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THOROUGHBRED HORSES / Thursday, 7 December 2023
New research into the impact of radiographic lesions to help the thoroughbred industry
New research focused on Australian thoroughbreds is now available to help understand the impact of a range of lesions on a yearling’s potential racing performance.
The Investigation of what radiographic lesions in thoroughbred yearlings are significant in limiting future racing performance project was delivered by AgriFutures Australia in conjunction with The University of Queensland and has significant implications across the industry.
Researchers investigated a range of lesions (an abnormality or an area of damage, change, or disease) in over 8,600 radiographic (x-ray) reports – the biggest study of its kind carried out in Australia.
AgriFutures Australia Manager, Levied Industries – Thoroughbred Horses Program, Annelies McGaw, said the research aimed to provide improved clarity about the potential impact of these lesions on future athletic performance of thoroughbred yearlings.
“Better understanding of how lesions impact the performance of a thoroughbred horse has been an important goal for industry and this research has shown a clear correlation between certain types of lesions and their future athletic performance,” Ms McGaw said.
“On the flip side, the research also revealed many lesions had no impact on performance”.
“Thanks to this research, buyers can now be more confident in understanding what risks are associated with the horse that they are purchasing.
“We now have the evidence and a significant dataset which will be invaluable for buyers making purchasing decisions as well as the agents and sellers involved in a yearling sale”.
“The outcomes will also boost veterinarians’ confidence in reviewing pre-sale radiographs and providing advice that could lead to early intervention and improved management for a range of skeletal conditions in yearlings now understood to impact a thoroughbred’s racing performance and career.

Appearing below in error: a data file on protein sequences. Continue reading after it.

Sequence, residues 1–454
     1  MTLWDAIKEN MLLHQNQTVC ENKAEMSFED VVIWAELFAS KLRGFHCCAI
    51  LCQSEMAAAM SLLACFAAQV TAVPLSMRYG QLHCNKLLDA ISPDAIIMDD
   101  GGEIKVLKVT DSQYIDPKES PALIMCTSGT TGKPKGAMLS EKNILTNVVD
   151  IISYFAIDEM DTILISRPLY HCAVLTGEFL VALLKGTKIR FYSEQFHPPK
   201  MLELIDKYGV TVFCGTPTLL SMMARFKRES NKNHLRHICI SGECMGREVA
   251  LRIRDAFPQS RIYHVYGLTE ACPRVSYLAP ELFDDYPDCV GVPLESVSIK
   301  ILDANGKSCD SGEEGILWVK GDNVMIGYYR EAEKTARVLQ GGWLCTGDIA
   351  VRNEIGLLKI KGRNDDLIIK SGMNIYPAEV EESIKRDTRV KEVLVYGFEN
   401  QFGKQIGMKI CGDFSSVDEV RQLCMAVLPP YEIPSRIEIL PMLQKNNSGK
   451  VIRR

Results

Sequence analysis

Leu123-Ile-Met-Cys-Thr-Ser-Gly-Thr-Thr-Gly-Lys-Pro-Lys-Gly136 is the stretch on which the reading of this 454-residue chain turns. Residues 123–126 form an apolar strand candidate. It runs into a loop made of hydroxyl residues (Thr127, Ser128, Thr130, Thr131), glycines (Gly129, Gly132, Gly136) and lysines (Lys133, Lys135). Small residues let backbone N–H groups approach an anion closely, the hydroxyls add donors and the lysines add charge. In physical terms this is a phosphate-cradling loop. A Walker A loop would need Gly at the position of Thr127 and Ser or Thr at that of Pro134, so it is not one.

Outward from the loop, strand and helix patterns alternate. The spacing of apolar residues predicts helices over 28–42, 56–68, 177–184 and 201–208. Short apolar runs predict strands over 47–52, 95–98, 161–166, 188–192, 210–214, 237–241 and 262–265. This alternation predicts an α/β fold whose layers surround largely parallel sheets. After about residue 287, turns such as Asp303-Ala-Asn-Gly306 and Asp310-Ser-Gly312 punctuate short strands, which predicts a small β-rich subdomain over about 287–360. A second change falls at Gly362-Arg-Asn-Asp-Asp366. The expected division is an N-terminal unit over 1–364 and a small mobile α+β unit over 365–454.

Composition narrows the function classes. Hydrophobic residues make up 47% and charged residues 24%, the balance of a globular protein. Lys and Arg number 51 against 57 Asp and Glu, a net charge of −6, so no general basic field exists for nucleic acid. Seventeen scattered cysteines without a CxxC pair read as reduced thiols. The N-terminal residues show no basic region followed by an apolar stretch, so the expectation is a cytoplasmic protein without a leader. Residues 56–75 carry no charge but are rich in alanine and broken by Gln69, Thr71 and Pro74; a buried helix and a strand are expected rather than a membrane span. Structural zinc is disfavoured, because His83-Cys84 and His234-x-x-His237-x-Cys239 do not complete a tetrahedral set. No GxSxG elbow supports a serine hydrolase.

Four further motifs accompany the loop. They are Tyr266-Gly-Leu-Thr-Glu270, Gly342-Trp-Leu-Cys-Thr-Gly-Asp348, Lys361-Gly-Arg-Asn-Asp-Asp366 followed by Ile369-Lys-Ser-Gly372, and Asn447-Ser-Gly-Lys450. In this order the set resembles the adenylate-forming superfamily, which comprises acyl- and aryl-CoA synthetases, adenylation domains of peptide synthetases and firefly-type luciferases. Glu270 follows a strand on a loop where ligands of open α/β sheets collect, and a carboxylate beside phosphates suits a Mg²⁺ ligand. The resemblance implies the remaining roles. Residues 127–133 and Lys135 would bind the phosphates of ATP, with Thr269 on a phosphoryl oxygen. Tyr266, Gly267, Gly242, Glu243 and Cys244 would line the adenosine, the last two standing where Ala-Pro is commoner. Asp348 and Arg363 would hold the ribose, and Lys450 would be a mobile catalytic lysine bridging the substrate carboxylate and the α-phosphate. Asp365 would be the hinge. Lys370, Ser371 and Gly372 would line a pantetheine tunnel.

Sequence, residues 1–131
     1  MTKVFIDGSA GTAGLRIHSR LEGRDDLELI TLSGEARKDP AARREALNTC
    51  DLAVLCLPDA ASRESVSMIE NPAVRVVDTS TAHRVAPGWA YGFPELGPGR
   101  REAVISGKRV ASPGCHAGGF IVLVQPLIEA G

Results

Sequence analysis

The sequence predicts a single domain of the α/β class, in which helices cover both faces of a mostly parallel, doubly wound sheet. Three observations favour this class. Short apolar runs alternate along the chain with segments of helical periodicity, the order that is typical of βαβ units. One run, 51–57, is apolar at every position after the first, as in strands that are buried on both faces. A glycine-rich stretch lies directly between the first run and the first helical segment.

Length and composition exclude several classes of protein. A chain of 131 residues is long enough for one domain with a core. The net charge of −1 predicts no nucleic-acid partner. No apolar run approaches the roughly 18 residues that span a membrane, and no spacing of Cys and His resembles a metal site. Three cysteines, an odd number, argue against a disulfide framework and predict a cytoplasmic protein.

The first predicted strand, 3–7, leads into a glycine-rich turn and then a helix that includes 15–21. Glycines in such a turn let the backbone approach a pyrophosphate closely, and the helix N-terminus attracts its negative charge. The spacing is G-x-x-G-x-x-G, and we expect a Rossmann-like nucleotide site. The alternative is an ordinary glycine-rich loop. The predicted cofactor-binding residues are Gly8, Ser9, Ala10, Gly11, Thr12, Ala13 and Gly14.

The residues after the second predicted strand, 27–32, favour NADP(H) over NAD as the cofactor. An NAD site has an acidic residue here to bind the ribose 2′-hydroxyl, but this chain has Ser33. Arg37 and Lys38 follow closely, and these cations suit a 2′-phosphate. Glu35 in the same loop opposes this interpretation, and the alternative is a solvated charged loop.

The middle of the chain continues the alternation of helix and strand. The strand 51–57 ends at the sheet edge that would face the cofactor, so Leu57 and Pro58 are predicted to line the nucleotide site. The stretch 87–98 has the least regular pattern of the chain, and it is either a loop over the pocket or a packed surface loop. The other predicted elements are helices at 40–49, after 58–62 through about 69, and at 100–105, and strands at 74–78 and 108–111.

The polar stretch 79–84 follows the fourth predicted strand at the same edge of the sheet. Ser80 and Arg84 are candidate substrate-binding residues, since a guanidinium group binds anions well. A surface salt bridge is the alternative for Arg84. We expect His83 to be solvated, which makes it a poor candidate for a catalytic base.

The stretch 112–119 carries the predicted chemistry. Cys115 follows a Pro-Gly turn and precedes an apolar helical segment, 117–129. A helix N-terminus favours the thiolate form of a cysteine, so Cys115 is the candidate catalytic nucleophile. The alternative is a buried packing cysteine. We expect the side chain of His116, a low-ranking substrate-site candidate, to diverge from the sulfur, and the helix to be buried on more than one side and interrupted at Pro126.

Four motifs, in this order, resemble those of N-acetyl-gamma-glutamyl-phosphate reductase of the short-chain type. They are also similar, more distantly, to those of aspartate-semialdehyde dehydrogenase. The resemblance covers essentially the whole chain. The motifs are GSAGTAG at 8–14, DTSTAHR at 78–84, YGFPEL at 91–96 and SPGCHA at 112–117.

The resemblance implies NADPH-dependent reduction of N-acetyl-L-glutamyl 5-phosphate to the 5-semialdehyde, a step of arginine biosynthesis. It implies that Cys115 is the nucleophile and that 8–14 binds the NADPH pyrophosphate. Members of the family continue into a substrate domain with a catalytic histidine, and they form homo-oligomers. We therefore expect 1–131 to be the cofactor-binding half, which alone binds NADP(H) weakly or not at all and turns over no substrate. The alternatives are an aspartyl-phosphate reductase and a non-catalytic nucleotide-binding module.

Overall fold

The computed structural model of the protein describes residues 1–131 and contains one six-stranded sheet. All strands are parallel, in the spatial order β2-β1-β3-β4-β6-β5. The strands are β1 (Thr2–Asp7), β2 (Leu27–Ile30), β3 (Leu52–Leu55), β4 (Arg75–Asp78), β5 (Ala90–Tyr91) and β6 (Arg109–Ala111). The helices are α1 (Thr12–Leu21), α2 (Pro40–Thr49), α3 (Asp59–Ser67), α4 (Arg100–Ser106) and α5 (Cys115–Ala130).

As Ms McGaw explained, investing levies in cutting edge research is crucial for the ongoing prosperity of the Australian thoroughbred industry, delivering both performance and welfare outcomes.
“The research showed that in many cases, early detection, management and treatment of horses with specific types of lesions could minimise the negative impacts on future performance and boost long-term welfare,” Ms McGaw said.
Project lead from The University of Queensland, Professor Ben Ahern, said the research was broken down into two clear areas of study, at a scale not seen before.
“As part of the first study, three specialist equine surgeons reviewed 30 radiographic series for the presence of lesions and graded them as low, moderate or high, based on their likelihood of limiting future racing performance,” Professor Ahern said.
“The second study comprised of thoroughbred yearlings radiographed between 2014 and 2018.
“More than 8,600 radiographic reports from yearlings presented for sale were collected and analysed, and yearlings with lesions were compared against yearlings completely free of lesions with robust statistical analysis performed, to determine whether there were differences between the career performances of these yearlings.
“The data presented in this research is a starting point to enable veterinarians to be aware of what lesions occur and more confidently attribute a risk rating for yearlings presented for sale in Australia.
“Improved clarity about what radiographic lesions likely mean for the athletic career of a yearling will improve buyer confidence.”
“For yearlings, greater awareness of which lesions will likely cause a problem during training should allow for altered training regimes and early intervention with targeted management and treatment.
“Importantly, this will lead to improved welfare outcomes through reducing the incidence of lameness, and should result in longer, more resilient racing careers.”
Ms McGaw said the research has generated a substantial amount of data that can now be analysed in more detail.
“Communication of this data to buyers, veterinarians and other stakeholders in the industry will be important to maximise the benefit of this research,” Ms McGaw said.
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